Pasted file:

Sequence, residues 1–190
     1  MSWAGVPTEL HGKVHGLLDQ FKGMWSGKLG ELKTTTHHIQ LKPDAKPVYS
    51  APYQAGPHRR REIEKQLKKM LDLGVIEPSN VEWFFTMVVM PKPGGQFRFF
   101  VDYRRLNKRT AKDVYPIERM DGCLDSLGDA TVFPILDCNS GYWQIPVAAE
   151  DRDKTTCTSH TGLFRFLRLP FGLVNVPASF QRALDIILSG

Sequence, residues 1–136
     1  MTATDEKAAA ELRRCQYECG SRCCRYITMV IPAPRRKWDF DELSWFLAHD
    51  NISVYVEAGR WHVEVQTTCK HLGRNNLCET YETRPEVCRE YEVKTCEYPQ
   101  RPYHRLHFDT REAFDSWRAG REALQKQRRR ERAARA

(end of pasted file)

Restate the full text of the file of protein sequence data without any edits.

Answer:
Sequence, residues 1–190
     1  MSWAGVPTEL HGKVHGLLDQ FKGMWSGKLG ELKTTTHHIQ LKPDAKPVYS
    51  APYQAGPHRR REIEKQLKKM LDLGVIEPSN VEWFFTMVVM PKPGGQFRFF
   101  VDYRRLNKRT AKDVYPIERM DGCLDSLGDA TVFPILDCNS GYWQIPVAAE
   151  DRDKTTCTSH TGLFRFLRLP FGLVNVPASF QRALDIILSG

Sequence, residues 1–136
     1  MTATDEKAAA ELRRCQYECG SRCCRYITMV IPAPRRKWDF DELSWFLAHD
    51  NISVYVEAGR WHVEVQTTCK HLGRNNLCET YETRPEVCRE YEVKTCEYPQ
   101  RPYHRLHFDT REAFDSWRAG REALQKQRRR ERAARA